A dice game inspired by the stock market (and playing lots of Martian Dice). Roll a bunch of dice and choose which sets to keep. Choose your strategy wisely!
Stuff You Need
A PENCIL and PAPER to keep score
Thirteen standard six-sided DICE
How to Play
The shortest player takes the first turn. On your turn, first roll all thirteen dice. Several dice will have matching results. These are called SETS. (A single die result is a set, too.) You must choose a set to keep. For example, your first roll results are 111124445555. The sets are four 1s, one 2, three 4s, and four 5s.
After keeping a set of dice, lock them up in a row. This is called the GOOD TRACK. For example, you could keep the set of four 1s, one 2, three 4s, or four 5s. You decide to keep the four 1s and line them up in your good track.
After keeping a set, you may end your turn or re-roll the remaining unlocked dice. When you re-roll, immediately set aside any results that are equal to or lower than a set you’ve already kept. Lock these up in a separate row. This is called the BAD TRACK. For example, out of three previous rolls you kept four 1s and three 2s. You have six unlocked dice remaining and you decide to roll them again. The results are 112446. You must immediately set the aside the two 1s and one 2 to your bad track.
Out of the remaining dice, keep another set and add it to your good track. You may continue re-rolling as long as you have unlocked dice available or until you choose to end your turn. For example, after losing dice to the bad track, you have the following choices: 446. You choose to keep the two 4s and end your turn.
At the end of your turn, discard one good die for each bad die. If good dice remain, score one point per die. If bad dice remain, lose one point per die. For example, you have three dice in your bad track. That means you must discard the first three dice from your good track. Luckily, you have five dice remaining in your good track, so you get five points this turn.
End of the Turn
After your turn ends, clear your good and bad tracks. Hand all thirteen dice to the next player, who will begin a new turn.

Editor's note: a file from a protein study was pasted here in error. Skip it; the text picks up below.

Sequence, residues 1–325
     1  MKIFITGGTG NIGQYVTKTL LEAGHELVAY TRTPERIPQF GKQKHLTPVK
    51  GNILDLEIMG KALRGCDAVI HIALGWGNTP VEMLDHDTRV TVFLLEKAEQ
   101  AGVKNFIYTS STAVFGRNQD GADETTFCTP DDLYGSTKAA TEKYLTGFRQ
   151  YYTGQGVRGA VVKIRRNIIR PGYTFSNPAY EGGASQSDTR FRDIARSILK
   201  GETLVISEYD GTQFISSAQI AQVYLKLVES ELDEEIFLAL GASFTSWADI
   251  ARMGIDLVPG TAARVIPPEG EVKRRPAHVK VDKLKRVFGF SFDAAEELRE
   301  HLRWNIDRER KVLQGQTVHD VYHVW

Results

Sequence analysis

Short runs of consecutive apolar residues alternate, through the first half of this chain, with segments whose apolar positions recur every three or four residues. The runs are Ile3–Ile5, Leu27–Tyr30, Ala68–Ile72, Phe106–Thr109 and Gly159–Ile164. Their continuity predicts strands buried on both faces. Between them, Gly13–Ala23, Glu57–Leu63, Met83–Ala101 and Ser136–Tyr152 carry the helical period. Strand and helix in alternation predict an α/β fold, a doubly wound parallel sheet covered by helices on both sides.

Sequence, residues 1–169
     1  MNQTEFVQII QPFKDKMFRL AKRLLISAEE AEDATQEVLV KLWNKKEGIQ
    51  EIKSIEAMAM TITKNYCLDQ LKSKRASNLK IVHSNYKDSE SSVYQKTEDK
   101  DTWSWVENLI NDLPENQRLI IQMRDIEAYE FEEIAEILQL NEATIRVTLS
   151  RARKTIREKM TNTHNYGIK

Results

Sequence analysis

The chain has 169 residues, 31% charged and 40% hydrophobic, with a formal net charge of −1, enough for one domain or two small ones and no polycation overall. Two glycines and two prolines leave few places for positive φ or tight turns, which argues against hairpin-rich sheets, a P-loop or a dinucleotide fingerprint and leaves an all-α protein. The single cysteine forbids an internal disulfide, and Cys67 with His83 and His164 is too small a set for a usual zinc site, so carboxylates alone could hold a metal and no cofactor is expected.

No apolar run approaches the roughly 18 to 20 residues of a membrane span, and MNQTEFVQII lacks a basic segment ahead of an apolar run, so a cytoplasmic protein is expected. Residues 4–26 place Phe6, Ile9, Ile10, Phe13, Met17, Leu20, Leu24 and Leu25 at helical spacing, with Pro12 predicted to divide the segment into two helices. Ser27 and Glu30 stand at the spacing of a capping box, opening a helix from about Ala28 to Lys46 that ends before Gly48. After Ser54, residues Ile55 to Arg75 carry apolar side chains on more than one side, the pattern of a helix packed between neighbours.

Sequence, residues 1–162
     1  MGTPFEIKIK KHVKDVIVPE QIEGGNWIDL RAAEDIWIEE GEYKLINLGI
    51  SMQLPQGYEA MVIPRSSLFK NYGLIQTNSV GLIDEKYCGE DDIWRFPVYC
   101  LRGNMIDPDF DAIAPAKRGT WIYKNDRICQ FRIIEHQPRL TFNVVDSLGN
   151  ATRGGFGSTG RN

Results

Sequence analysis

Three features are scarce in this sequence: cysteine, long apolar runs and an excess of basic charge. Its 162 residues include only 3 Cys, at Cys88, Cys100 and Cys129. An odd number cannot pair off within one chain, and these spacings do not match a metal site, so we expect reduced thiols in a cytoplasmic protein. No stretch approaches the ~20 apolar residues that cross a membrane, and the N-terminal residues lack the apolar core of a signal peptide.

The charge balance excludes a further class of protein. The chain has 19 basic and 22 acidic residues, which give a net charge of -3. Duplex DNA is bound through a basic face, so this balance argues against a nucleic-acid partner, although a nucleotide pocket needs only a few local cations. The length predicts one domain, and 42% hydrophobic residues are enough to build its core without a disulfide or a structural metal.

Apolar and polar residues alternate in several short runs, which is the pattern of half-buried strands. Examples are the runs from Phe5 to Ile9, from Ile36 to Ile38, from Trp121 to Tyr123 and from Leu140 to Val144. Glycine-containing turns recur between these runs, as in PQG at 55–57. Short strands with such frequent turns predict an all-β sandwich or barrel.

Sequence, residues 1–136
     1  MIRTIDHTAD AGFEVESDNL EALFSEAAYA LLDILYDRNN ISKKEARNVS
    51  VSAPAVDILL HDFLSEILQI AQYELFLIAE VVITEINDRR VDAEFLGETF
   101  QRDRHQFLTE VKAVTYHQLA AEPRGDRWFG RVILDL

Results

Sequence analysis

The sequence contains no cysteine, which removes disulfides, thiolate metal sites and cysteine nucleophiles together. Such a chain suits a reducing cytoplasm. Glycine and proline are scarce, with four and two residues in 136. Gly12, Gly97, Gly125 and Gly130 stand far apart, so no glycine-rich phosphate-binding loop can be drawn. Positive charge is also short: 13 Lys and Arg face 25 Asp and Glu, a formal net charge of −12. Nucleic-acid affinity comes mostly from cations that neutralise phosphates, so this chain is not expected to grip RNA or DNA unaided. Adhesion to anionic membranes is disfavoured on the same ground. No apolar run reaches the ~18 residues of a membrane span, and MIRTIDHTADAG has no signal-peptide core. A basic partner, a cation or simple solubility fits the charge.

End of the Game
The first player to earn 30 points wins.
For higher scores and more variance, you can score based on pips instead of dice. When canceling out dice at the end of your turn, do so in ascending order. The lowest results in your good track are canceled out first. Alternately, you can cancel out the highest results first for a lower scoring game.
It's tempting to keep the lower results, but those will be quickly negated if you decide to continue rolling. Perhaps that's your strategy, to build up a defense as you pursue larger sets from future rolls. You could also play it safe by just keeping the largest set out of your first roll, but then you might get outpaced by a more aggressive player. Choose your path wisely!
Why does it matter which dice you cancel? Does the track somehow carry over from turn to turn?ReplyDelete
D'oh! An earlier draft had you score points based on the pips, so canceling in specific order mattered more. :PReplyDelete
Just updated the post for clarity: See "End of the Turn" and "Variant."
"At the end of your turn, discard one good die for each bad die. If good dice remain, score one point per die. If bad dice remain, lose one point per die."ReplyDelete
Following this algorithm strictly, you never discard any bad dice, so all your bad dice always remain.
Well if you trust the player to do _arithmetic_, you could skip the canceling and just do this:ReplyDelete
"At the end of your turn, score one point per good die, then lose one point per bad die."
It's result-isomorphic, but it replaces a simple cancel operation with a potentially more complicated subtract.
"At the end of your turn, score one point for every die by which the good track is longer than the bad track. If the bad track is longer, instead lose one point for every die by which the bad track is longer."
I wasn't able to get this one as concise as I wanted, but this one emphasizes the length comparison shortcut -- just line the two tracks up next to each other.
I would love to be able to play this game, but the illustrations don't seem to follow the examples given in the instructions.ReplyDelete
For instance: in the first example, you gave only twelve dice results not to mention wrong dice distribution for each pip.
The first illustration shows: 4 '1's, 1 '2's, 4 '4's (Not 3 '4's as it says in the example), and 4 '5's.
There is probably more errors in the instructions, and being a visual person, this kinda keeps me from being able to play what may be a beautifully elegant game. Please address these errors so I can try to make heads or tails about this game. I would greatly appreciate it as an avid-game player.
P.S. I could somewhat see a decent solitaire dice game somewhere in this. I would love to see what your thoughts are in taking this game in that direction. Maybe a variant can come out of this :)